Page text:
branch

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BRANCH. This is a metaphorical expression, which designates, in the genealogy of a numerous family, a portion of that family which has sprang from the same root or stock; these latter expressions, like the first, are also metaphorical.
     2. The whole of a genealogy is often called the genealogical tree; and sometimes it is made to take the form of a tree, which is in the first place divided into as many branches as there are children, afterwards into as many branches as there are grand-children, then of great grandchildren, &c. If, for example, it be desired to have a genealogical tree of Peter's family, Peter will be made the trunk of the tree; if he has had two children, John and James, their names will be written on the first two branches; which will themselves shoot out as many smaller branches as John and James have children; from these other's proceed, till the whole family is represented on the tree; thus the origin, the application, and the use of the word branch in genealogy will be at once perceived.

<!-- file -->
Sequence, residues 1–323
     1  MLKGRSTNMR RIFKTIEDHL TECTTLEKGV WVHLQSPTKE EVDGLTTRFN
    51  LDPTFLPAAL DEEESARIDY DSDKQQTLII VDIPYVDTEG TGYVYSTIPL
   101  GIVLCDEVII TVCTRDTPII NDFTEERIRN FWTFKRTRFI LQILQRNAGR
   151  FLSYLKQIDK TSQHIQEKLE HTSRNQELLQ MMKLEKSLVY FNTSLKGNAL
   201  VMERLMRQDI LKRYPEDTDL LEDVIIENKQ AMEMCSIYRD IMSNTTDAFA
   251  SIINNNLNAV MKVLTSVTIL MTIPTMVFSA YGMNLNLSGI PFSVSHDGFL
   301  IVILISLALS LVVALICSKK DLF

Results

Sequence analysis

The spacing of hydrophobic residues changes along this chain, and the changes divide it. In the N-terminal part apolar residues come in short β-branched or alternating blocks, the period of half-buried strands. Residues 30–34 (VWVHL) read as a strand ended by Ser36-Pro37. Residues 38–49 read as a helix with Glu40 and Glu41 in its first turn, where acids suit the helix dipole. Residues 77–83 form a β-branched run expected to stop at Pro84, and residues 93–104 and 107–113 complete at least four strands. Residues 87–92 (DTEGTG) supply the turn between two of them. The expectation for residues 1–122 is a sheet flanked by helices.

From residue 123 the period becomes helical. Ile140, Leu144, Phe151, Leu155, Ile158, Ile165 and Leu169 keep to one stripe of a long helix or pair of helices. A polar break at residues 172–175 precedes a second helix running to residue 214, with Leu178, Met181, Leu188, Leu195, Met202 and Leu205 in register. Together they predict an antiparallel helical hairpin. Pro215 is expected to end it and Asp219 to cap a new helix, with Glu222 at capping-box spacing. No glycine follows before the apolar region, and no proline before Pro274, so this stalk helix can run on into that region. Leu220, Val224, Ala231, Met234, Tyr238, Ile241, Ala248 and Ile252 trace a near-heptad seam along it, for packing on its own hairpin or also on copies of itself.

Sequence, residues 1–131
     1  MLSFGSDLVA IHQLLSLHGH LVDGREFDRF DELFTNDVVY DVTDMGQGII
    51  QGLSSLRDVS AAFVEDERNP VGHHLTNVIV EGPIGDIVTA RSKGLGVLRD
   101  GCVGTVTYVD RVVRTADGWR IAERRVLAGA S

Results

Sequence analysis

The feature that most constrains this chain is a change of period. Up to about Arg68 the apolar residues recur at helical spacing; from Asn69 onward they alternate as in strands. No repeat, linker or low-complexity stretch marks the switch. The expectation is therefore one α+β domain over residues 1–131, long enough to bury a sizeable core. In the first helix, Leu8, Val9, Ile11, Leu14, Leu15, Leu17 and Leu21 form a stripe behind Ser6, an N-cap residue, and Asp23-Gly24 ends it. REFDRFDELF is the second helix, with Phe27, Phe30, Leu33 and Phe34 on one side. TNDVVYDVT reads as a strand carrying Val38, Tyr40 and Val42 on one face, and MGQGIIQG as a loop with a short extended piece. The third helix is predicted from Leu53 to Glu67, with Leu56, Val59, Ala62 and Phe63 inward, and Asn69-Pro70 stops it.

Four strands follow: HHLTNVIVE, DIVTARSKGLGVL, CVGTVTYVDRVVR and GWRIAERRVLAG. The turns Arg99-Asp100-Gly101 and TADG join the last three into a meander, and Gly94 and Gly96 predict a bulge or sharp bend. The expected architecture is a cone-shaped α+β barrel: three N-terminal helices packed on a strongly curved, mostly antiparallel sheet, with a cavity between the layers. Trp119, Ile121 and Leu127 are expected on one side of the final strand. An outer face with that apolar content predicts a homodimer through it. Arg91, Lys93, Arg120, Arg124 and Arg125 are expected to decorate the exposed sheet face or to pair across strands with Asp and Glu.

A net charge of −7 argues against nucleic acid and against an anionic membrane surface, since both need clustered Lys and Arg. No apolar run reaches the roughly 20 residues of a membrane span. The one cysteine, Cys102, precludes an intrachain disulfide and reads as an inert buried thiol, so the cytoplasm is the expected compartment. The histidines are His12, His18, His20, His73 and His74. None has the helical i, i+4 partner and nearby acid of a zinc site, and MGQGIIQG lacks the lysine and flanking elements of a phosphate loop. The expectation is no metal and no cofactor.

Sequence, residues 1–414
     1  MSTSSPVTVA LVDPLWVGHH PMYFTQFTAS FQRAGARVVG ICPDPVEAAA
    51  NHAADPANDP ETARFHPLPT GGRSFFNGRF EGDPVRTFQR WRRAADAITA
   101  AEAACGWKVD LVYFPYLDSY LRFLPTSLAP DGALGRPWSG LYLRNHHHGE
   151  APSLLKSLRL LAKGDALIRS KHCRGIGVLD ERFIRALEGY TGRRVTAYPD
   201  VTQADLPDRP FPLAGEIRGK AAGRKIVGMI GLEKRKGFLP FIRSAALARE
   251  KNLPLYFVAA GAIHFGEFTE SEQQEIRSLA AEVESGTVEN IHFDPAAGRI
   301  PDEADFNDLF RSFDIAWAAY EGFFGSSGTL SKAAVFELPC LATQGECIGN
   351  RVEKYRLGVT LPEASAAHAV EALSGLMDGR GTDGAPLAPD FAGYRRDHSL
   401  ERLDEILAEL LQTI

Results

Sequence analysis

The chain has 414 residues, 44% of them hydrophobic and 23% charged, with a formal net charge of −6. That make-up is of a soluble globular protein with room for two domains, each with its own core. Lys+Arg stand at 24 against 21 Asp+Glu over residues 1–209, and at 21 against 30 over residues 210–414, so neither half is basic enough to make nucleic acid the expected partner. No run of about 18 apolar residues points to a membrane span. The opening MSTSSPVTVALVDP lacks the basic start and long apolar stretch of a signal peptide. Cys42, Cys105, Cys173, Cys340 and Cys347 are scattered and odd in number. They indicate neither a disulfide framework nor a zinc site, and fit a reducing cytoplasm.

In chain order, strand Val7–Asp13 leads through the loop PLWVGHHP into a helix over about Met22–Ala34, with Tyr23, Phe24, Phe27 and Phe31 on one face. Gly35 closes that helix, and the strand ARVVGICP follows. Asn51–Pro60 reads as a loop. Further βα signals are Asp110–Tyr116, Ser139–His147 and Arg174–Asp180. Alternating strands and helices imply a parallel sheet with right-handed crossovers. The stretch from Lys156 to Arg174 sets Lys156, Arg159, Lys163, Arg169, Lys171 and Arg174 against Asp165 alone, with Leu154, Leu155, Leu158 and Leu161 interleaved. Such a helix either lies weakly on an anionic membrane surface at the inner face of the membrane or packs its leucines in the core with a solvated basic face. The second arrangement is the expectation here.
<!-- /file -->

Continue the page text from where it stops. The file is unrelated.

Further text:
References in periodicals archive ?
The simple figurative "box creatures"--the name, according to Kemmerer's catalogue essay, that his daughter gave to the treelike beings with huge libidinous lips and clenched teeth that appeared in his reduction block prints of the early to mid-1990s--evolved, in the intaglio Island, 1997-98, into a treelike humanoid with a branchlike nose suggestive of a penis with testicles.
Back in the lab, she supervises assistants who carefully grind down the surface of each rock to expose the remains of the colonies inside, which tend to grow in branchlike shapes like coral.
Star Tree technology, which presents data in branchlike clusters rather than in traditional "windows," offers a faster, easier way to visualize and navigate large amounts of information, such as product catalogs and Web sites.